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Abstract / Description of output
BACKGROUND: The spread of infectious diseases in populations is controlled by the susceptibility (propensity to acquire infection), infectivity (propensity to transmit infection), and recoverability (propensity to recover/die) of individuals. Estimating genetic risk factors for these three underlying host epidemiological traits can help reduce disease spread through genetic control strategies. Previous studies have identified important 'disease resistance single nucleotide polymorphisms (SNPs)', but how these affect the underlying traits is an unresolved question. Recent advances in computational statistics make it now possible to estimate the effects of SNPs on host traits from epidemic data (e.g. infection and/or recovery times of individuals or diagnostic test results). However, little is known about how to effectively design disease transmission experiments or field studies to maximise the precision with which these effects can be estimated.
RESULTS: In this paper, we develop and validate analytical expressions for the precision of the estimates of SNP effects on the three above host traits for a disease transmission experiment with one or more non-interacting contact groups. Maximising these expressions leads to three distinct 'experimental' designs, each specifying a different set of ideal SNP genotype compositions across groups: (a) appropriate for a single contact-group, (b) a multi-group design termed "pure", and (c) a multi-group design termed "mixed", where 'pure' and 'mixed' refer to groupings that consist of individuals with uniformly the same or different SNP genotypes, respectively. Precision estimates for susceptibility and recoverability were found to be less sensitive to the experimental design than estimates for infectivity. Whereas the analytical expressions suggest that the multi-group pure and mixed designs estimate SNP effects with similar precision, the mixed design is preferred because it uses information from naturally-occurring rather than artificial infections. The same design principles apply to estimates of the epidemiological impact of other categorical fixed effects, such as breed, line, family, sex, or vaccination status. Estimation of SNP effect precisions from a given experimental setup is implemented in an online software tool SIRE-PC.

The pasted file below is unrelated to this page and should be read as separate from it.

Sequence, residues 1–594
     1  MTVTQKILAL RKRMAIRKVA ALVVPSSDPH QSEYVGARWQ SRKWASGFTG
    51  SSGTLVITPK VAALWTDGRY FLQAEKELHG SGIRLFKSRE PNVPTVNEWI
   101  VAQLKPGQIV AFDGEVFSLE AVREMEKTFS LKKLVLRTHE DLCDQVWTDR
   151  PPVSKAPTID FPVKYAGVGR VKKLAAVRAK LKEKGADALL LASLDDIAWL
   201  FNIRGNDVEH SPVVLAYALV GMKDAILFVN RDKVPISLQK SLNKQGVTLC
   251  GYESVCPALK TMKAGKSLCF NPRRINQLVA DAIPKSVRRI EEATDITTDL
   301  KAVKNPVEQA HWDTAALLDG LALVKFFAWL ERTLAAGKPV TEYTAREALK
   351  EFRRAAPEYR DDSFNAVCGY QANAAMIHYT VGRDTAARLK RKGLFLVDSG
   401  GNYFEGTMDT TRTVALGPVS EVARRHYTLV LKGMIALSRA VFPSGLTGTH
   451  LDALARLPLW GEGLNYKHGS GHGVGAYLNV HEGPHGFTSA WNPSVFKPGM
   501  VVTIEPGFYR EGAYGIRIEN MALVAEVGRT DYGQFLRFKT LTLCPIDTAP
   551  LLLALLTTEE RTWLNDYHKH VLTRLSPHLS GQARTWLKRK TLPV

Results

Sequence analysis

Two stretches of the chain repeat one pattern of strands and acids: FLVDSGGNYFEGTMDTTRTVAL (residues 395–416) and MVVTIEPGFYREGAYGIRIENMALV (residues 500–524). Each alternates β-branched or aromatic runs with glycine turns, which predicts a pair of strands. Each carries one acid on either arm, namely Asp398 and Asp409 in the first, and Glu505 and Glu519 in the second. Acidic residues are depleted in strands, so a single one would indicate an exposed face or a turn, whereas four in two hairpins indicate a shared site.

CONCLUSIONS: Methodology was developed to aid the design of disease transmission experiments for estimating the effect of individual SNPs and other categorical variables that underlie host susceptibility, infectivity and recoverability. Designs that maximize the precision of estimates were derived.
Keywords / Materials (for Non-textual outputs)
- Models, Genetic
- Polymorphism, Single Nucleotide
- Research Design